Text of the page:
Markets go down. It is an unpleasant truth for all investors.
They haven't gone down much in a long while.
We've been hearing lots of questions about raising cash and riding out the downturn from the sidelines. Great. I'm in. Tell me when the downturn will start, how deep it will go and when it will be over.
I've never known anyone who has been able to get all the phases right. One of the toughest truths about investing is that NO ONE has any idea what the market may do in the short term.
(Read more: The precarious nature of corporate profits)
We could at any point begin the next 20 percent move higher or lower. The real job for serious investment managers is to construct and maintain portfolios equally prepared to benefit from the upturns and defend and endure the downturns.
While stocks have continued to climb against the rhetoric of Fed tapering, the bond market has not.
The yield on the 10-year Treasury note has increased by about 1.25 percentage points since May when Chairman Ben Bernanke first suggested the Fed may reduce the $85 billion in monthly bond purchases.
The Fed hasn't done anything yet, but the bond market has. We will learn the Fed's decision later this month. But, what we know is that higher mortgage rates have significantly cooled consumer appetites for mortgages.
(Read more: Housing bubble? Yep, we've got one)
The Beige Book was released, and the Fed commented that consumer spending had continued at a good pace, and therefore, the economic recovery was intact. But that doesn't ring true to us.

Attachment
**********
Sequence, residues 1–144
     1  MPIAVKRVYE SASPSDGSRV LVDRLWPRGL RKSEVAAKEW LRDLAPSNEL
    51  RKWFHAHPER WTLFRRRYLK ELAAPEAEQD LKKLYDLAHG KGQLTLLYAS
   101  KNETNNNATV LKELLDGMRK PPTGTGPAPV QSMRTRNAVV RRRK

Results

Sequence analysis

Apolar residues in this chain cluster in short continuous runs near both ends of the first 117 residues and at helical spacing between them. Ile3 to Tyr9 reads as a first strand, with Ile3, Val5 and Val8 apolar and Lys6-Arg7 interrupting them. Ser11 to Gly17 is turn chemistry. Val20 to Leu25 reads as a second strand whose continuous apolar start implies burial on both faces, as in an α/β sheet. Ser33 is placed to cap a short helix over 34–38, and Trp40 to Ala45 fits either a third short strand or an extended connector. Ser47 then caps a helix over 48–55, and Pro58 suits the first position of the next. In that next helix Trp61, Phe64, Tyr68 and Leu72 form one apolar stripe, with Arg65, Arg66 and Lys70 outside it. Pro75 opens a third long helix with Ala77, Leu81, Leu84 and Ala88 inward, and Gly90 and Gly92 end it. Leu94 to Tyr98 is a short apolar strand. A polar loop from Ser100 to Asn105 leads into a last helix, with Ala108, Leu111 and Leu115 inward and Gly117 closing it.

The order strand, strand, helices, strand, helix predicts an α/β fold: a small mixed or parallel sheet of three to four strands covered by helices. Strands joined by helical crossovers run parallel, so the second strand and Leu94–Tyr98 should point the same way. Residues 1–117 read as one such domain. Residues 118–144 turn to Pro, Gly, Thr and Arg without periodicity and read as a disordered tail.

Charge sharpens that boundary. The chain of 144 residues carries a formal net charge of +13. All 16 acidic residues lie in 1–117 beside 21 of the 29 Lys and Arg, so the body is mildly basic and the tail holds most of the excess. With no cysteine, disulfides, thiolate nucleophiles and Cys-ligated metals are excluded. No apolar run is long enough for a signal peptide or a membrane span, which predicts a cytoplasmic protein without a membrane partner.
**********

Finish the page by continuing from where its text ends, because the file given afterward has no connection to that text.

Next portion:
There are a lot of Americans who are not employed or are underemployed. Wage gains have been minimal, and hours worked are unchanged.
So if Americans are to continue spending, they need money to spend.
There aren't a lot more of them earning money either because they have new jobs, are working more hours, or have received raises. The rise in interest rates makes borrowing more expensive, so where will the consumer get the money that the Fed wants them to spend?
The reality is that most of the spending increases continue to come from the well-to-do while moderate-income Americans continue to struggle. The recovery needs to become more balanced before we are convinced of its efficacy.
Stocks aren't cheap.
They're not over-the-top expensive, but they're not cheap.
(Read more: Bulls at JPMorgan get an earful from Asia clients)
The increase in share prices from the 2009 lows has been driven both by earnings increases and by an increase in price-to-earnings multiples. However, it must be remembered that profit margins for S&P 500 companies are close to all-time highs.
This is important because profit margins are mean-reverting. Today, corporate margins are running at about 9 percent compared to a 6 percent long-term average. It should not be a surprise, therefore, when profit margins contract. While this doesn't mean losses, it will cause pressure on earnings growth at some point in the future.
Expensive markets can last a long time. They can grow ever more expensive.
At various points the hot-air hype is leaked, and prices drop and settle. When investors realize that the world has yet again failed to stop spinning, they begin to buy again.
While we are dogged, determined, disciplined and vigilant, we are not market-timers. We have been through markets like this before.
Warren Buffet is not jumping in and out of stocks he holds at Berkshire Hathaway. If Buffet can't do it, who can?
As the rhetoric from Washington increases and emotions get stronger, rely on solid investments that have endured tougher times than these. Emotion is the foe of the long-term investor. Don't let it be yours.
—By Michael K. Farr, president of Farr, Miller & Washington and a CNBC contributor.